The praying, chanting, and prostrating are at their height when the violet-robed figure of a bishop is caught sight of, tripping down a side-path leading from the town. Blessing any who chance to meet him on the way, chatting pleasantly with his companion, a portly gentleman wearing the red ribbon of the Legion of Honour, the bishop hastens towards the grotto, dons his sacerdotal robes of ivory-white and gold, and celebrates mass. The ceremony over, there is a general stir. Adjusting their harness, the bearers form a procession, the bishop emerges from the grotto, and one by one the thirty and odd litters are drawn before him to be sprinkled, blessed—and healed! alas, such, doubtless, is the fond delusion of many.

The sight of so many human wrecks, torsos and living skeletons all agog for life, health, and restoration, is even less heart-breaking than that of their companions. Here we see a mother bending with agonized looks over some white-faced, wasted boy, whose days, even hours, are clearly numbered; there a father of a wizen-faced, terribly deformed girl, a mite to look at, but fast approaching womanhood, brought hither to be put straight and beautiful. Next our eye lights on the emaciated form of a young man evidently in the last stage of consumption, his own face hopeful still, but what forlornness in that of the adoring sister by his side! These are spectacles to make the least susceptible weep. Grotesque is the sight of a priest who must be ninety at least; what further miracle can he expect, having already lived the life of three generations?

The last litter drawn by, the enormous crowd breaks up; tall candles are offered to those standing near, and a procession is formed, headed by the bishop under his gold and white baldachin, a large number of priests following behind, then several hundred men, women, and children, the black and white robes of the priests and nuns being conspicuous. Chanting as they go, outsiders falling on their knees at the approach of the baldachin, the pilgrims now wind in solemn procession round the statue in front of the church, and finally enter, when another religious celebration takes place. Services are going on all day long and late into the night. Hardly do these devotees give themselves time for meals, which are a scramble at best, every hotel and boarding-house much overcrowded. The table d'hôte dinner, or one or two dishes, are hastily swallowed, and the praying, chanting, marching and prostrating begin afresh. At eight o'clock from afar comes the sound of pilgrims' voices as the procession winds towards the grotto.

There is picturesqueness in these nocturnal celebrations, the tapers twinkling against the dark heavens, the voices dying away in the distance. Superstition has its season as well as sulphur-baths and chalybeate springs. The railway station is a scene of indescribable confusion; enormous contingents come for a few hours only, the numbered trains that brought them are drawn up outside the main lines awaiting their departure. Here we are hustled by a motley throng; fashionable ladies bedizened with rosaries, badges, and medallions; elegant young gentlemen, the jeunesse dorée of a vanished régime, proudly wearing the pilgrim's badge, all travelling third-class and in humble company for their soul's good; peasant women from Brittany in charming costumes; a very, very few blue blouses of elderly civilians'; enormous numbers wearing religious garb.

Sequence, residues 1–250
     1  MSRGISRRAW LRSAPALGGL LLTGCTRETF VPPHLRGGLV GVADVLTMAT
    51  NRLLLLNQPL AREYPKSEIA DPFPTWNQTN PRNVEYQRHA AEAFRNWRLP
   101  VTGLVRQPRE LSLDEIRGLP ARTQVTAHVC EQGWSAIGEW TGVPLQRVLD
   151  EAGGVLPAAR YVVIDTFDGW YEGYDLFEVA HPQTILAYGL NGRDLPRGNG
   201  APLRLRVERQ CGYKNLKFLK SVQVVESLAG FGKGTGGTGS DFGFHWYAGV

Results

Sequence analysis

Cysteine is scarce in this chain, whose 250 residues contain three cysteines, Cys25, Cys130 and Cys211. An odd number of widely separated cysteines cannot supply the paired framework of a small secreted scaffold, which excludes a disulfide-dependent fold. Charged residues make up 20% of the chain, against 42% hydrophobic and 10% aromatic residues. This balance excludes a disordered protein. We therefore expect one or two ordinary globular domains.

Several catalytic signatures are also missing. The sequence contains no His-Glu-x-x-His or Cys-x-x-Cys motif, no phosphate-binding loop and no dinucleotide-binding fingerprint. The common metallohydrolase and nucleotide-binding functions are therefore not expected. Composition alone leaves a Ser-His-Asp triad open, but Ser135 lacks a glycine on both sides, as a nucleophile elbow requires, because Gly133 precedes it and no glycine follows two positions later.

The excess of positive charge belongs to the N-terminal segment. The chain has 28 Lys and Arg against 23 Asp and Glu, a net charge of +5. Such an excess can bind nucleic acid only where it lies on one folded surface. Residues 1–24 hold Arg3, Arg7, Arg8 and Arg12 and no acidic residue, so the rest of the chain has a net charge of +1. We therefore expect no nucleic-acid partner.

It seems a pity that a bargain could not be struck by France and Germany, the Emperor William receiving Lourdes in exchange for Metz or Strasburg! Lourdes must represent a princely revenue, far in excess, I should say, of any profit the Prussian Government will ever make out of the annexed provinces; and as nobody lives there, and visitors only remain a day or two, it would not matter to the most patriotic French pilgrim going to whom the place belonged.

The tourist brings evil as well as good in his track, and the tax upon glorious scenery here is not the globe-trotter but the mendicant. Gavarnie is, without doubt, as grandiose a scene as Western Europe can show. In certain elements of grandeur none other can compete with it. But until a balloon service is organized between Luz and the famous Cirque it is impossible to make the journey with an unruffled temper. The traveller's way is beset by juvenile vagrants, bare-faced and importunate as Neapolitans or Arabs. Lovers of aerial navigation have otherwise not much left to wish for. Nothing can be more like a ride in cloudland than the drive from Pierrefitte to Luz and from Luz to Gavarnie. The splendid rock-hewn road is just broad enough to admit of two carriages abreast. On one side are lofty, shelving rocks, on the other a stone coping two feet high, nothing else to separate us from the awful abyss below, a ravine deep as the measure of St. Paul's Cathedral from base to apex of golden cross. We hear the thunder of the river as it dashes below by mountains two-thirds the height of Mont Blanc, their dark, almost perpendicular sides wreathed with cloud, on their summits gleaming never-melted snow, here and there the sombre parapets streaked with silvery cascades. At intervals the Titanic scene is relieved by glimpses of pastoral grace and loveliness, and such relief is necessary even to those who can gaze without giddiness on such awfulness. Between gorge and gorge lie level spaces, amid dazzlingly-green meadows the river flows calm and crystal clear, the form and hue of every pebble distinct as the pieces of a mosaic. Looking upwards we see hanging gardens and what may be called farmlets, tiny homesteads with minute patches of wheat, Indian corn, and clover on an incline so steep as to look vertical. Most beautiful and refreshing to the eye are the little hayfields sloping from the river, the freshly-mown hay in cocks or being turned, the shorn pasture around bright as emerald. Harvest during the year 1891 was late, and in the first week of September corn was still standing; nowhere, surely, corn so amber-tinted, so golden, nowhere, surely, ripened so near the clouds. In the tiny chalets perched on the mountain ridges, folks literally dwell in cloudland, and enjoy a kind of supernal existence, having for near neighbours the eagles in their eyries and the fleet-footed chamois or izard.